Nope. There's another reason why Rocky is the most inspirational movie ever made.
Excuse us while we put on out film history-buff hat (it's a fedora, but not as cool a fedora as Rocky sports). Ahem-hem.
Rocky is so dang inspirational because of its origin story, and how it launched Sly Stallone into the superstar stratosphere.
Here's the thing: Rocky shouldn't have been this successful. It was made on a shoestring budget with mostly unknown actors. It's a feel-good boxing/love story amid the grit-happy we-love-anti-heroes film fest that was the 1970s. And it was written by Stallone himself, a nobody actor that had previously had bit parts in a few nothing films. In fact, a large part of the reason that Stallone was cast as Mr. Balboa himself was because Stallone (as a nobody) was so dang cheap.
Talk about an underdog becoming a top dog. Rocky is basically underdog-ception: a story about a humble man's meteoric rise to fame, in a movie that started humble and spawned a franchise, written by a dude who started humble and became a household name.
And if that doesn't inspire you, nothing will… unless it's Rocky's theme song, "Gonna Fly Now."
The man who "invented" punching slabs of beef for training is in the movie… and it isn't Rocky, even though he says he invented it. Heavyweight boxing champion Joe Frazier, who cameos in the movie, grew up in Philly, and was known for pounding slabs of beef. (Source)
There are two Stallone family cameos in Rocky—one is a mangy mutt Stallone does a favor for… and the other is Stallone's dog Butkus. Sylvester Stallone's musical brother, Frank, is the acapella singer in the alley, and the dog Stallone adopts is played by his real-life dog. (Source)
Rocky's real name is "Robert," allegedly according to a draft of Rocky II. Rocky is simply a nickname. And it looks a lot better on a movie poster than Robert. (No offense to any Bobs out there.) (Source)
The fansite Total Rocky can't help you train for a championship fight, but it can help you deck out your movie room with Mickey posters and other Rocky artwork for a total Rocky experience.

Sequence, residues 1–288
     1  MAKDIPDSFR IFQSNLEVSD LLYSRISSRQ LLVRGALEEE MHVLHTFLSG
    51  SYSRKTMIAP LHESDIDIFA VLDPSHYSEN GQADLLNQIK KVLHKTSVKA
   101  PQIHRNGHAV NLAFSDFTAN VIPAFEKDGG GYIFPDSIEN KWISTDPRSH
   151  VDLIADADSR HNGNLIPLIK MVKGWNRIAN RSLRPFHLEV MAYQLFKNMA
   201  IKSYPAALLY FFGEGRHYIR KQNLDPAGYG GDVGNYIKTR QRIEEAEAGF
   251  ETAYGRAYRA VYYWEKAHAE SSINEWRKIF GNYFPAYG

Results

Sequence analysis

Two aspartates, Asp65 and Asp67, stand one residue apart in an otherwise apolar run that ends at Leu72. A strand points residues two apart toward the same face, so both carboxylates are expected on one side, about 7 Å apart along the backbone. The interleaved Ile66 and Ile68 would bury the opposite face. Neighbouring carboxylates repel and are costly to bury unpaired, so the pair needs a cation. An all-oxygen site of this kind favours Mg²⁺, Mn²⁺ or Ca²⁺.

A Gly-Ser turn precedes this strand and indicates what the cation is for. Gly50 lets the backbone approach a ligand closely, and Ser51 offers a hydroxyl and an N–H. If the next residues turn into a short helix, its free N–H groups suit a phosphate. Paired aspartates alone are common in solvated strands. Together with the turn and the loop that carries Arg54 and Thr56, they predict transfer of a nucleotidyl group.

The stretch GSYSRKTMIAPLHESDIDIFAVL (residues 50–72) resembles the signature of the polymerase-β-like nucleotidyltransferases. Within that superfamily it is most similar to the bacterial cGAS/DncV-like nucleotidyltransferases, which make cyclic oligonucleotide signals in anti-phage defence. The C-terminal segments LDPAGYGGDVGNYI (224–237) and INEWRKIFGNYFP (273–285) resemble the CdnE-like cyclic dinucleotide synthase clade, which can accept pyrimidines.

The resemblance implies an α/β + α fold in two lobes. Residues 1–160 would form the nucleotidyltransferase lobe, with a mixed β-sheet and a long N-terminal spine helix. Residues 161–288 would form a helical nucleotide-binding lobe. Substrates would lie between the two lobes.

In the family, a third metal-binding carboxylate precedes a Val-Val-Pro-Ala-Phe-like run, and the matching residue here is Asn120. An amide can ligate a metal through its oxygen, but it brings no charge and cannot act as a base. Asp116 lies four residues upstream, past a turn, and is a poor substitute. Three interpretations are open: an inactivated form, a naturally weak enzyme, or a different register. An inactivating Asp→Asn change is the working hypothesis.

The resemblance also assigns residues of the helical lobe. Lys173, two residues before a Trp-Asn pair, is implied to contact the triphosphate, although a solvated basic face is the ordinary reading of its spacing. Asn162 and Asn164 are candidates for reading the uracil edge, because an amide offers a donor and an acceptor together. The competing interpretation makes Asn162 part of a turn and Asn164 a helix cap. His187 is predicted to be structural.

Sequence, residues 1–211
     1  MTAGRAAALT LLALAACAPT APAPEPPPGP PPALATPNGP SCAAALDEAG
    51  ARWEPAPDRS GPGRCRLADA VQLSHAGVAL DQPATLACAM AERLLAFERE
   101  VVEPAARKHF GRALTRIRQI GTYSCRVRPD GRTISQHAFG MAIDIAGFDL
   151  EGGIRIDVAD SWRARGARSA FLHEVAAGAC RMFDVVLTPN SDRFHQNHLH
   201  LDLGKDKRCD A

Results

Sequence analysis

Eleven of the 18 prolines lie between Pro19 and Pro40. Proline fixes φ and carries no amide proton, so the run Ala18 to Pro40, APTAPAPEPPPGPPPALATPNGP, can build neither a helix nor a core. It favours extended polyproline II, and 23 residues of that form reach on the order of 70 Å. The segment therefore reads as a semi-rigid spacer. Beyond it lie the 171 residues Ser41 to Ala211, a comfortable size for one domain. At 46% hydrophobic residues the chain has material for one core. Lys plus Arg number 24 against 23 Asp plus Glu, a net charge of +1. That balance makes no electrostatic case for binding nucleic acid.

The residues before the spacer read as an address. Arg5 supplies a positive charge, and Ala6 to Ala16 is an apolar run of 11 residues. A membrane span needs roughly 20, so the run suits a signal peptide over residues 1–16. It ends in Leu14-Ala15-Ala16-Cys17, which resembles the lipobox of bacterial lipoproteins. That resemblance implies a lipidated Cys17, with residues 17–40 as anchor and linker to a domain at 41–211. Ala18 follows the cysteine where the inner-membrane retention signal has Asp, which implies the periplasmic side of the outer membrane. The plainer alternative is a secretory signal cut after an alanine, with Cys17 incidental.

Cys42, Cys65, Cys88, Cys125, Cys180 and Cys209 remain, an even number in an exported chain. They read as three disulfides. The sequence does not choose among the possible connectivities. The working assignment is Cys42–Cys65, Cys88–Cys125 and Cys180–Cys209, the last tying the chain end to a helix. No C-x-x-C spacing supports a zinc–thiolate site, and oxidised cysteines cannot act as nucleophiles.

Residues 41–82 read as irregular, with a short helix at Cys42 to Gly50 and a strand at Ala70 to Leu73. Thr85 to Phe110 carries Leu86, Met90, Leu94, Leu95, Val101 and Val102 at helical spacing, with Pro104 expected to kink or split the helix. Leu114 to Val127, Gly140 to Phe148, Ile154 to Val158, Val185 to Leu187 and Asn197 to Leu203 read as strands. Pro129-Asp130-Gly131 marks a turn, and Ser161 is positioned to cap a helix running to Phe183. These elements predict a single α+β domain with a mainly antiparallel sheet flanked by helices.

Passing the Torch
Rocky may not be the star of the Rocky franchise anymore, but Sly Stallone's website still keeps you updated on news of the Rockyverse.
Back before you could watch and re-watch movies on VHS tape, you had to settle for re-reading it in book form. The novelization of Rocky is a must-read for Rocky fans.
Stallone actually had two turtles named Cuff and Link around the time of Rocky II. He talks about that, and the outlandish idea for Rocky III, in this 1979 interview.
The Centrum multivitamin must not have been around in 1976, when Stallone took 113 vitamins daily to stay in shape for Rocky.
Rocky on Ice
Talia Shire thinks Rocky and Adrian's first date would make a perfect ice ballet. We agree.
Speaking of ballet, the entire final fight had to be choreographed, like a bloody dance. Stallone took inspiration from Muhammad Ali and other great fighters of the era.
Sunday with Sly
Stallone walks in his own footsteps, telling the story of Rocky on CBS Sunday Morning.
Carving out Rocky
Stallone is the brains behind the brawn, and he talks his way through his creative process in this video.
Living on a Prayer
Rocky's religious sub-text became text-text with the 2006 Rocky Balboa.
We Believe You Can Fly
"Gonna Fly Now," the theme from Rocky, is a must-have on every workout mix.
This Best Buy commercial uses the final song from Rocky, "The Final Bell." If you punch someone out on Black Friday, remember to hum this after.
This poster reminds us that no staircase will ever be a match for us.
Doesn't Hold a Candle to the Original
Rocky's wax figure looks a little melted.